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jerryking : hacking   9

Listening In: cyber security in an insecure age, by Susan Landau
April 8, 2018 | Financial Times | Kadhim Shubber 10 HOURS AG

Review of [Listening In: cyber security in an insecure age, by Susan Landau, Yale University Press, $25]

....so Landau’s latest work leaves the reader wishing for a deeper reckoning with these complex issues.

Landau is a respected expert in cryptography and computer security, with a long career both studying and working in the field. She was an engineer at Sun Microsystems for over a decade and is currently a professor in cyber security at Tufts University. Her clean, knowledgeable writing reflects the depth of her expertise — with just a trace of jargon at times — as she traces the tug of war that has played out between law enforcement and cryptographers in recent decades.....Landau persuasively argues that the increasingly digital and interconnected society and economy we inhabit creates vulnerabilities that we ignore at our peril.......Landau is an advocate for strong computer security, and uses this book to reject calls for “back doors” that would allow law enforcement access to encrypted hardware, like iPhones, or messaging apps, such as WhatsApp. But she also encourages governments to become better at proactive “front door” hacking. In the process, she warns, they should not rush to disclose security weaknesses they discover, which inevitably leaves them open for others to exploit......Yet we have seen that the government’s toolbox can also fall into the wrong hands. In 2016 and 2017, a powerful set of hacking tools built by the NSA were leaked by hackers.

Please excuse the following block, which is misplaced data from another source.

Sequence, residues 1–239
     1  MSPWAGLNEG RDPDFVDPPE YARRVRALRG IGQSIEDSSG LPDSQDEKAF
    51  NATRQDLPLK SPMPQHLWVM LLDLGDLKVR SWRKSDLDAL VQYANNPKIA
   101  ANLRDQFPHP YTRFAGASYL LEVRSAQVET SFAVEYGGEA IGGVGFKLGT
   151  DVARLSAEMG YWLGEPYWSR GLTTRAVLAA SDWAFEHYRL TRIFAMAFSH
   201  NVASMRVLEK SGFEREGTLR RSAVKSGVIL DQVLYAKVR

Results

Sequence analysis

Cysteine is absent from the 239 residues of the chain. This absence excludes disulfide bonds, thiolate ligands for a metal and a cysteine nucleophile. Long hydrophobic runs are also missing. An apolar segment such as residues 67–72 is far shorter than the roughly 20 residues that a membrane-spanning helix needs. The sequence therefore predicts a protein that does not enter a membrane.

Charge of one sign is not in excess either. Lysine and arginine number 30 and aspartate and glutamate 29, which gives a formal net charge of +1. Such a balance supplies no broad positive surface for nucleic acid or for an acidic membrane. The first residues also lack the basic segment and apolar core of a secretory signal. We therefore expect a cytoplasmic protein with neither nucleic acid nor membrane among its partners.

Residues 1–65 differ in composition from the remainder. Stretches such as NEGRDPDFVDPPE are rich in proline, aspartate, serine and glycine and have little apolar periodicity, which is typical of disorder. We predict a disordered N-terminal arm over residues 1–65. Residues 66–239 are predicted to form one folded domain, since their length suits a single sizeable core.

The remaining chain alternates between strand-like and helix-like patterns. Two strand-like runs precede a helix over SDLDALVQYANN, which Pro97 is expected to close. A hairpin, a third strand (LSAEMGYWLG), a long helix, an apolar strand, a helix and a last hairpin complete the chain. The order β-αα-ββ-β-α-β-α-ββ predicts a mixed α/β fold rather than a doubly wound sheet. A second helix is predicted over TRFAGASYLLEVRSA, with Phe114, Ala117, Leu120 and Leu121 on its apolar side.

Apple  back_doors  books  book_reviews  cryptography  cyber_security  FBI  hacking  nonfiction  Stuxnet  Tim_Cook  vulnerabilities 
april 2018 by jerryking
Security Breach and Spilled Secrets Have Shaken the N.S.A. to Its Core
NOV. 12, 2017 | The New York Times | By SCOTT SHANE, NICOLE PERLROTH and DAVID E. SANGER.

“These leaks have been incredibly damaging to our intelligence and cyber capabilities,” said Leon E. Panetta, the former defense secretary and director of the Central Intelligence Agency. “The fundamental purpose of intelligence is to be able to effectively penetrate our adversaries in order to gather vital intelligence. By its very nature, that only works if secrecy is maintained and our codes are protected.”
adversaries  data_breaches  hacking  vulnerabilities  counterintelligence  counterespionage  moles  malware  ransomware  Fedex  Mondelez  Edward_Snowden  security_&_intelligence  Russia  Leon_Panetta  NSA  cyber_security  cyber_warfare  cyberweapons  tools  David_Sanger  SecDef  CIA 
november 2017 by jerryking
Law firms will pay price for failure to hold off hackers | Evernote Web
31 December/1 January 2017 | Financial Times | Brooke Masters.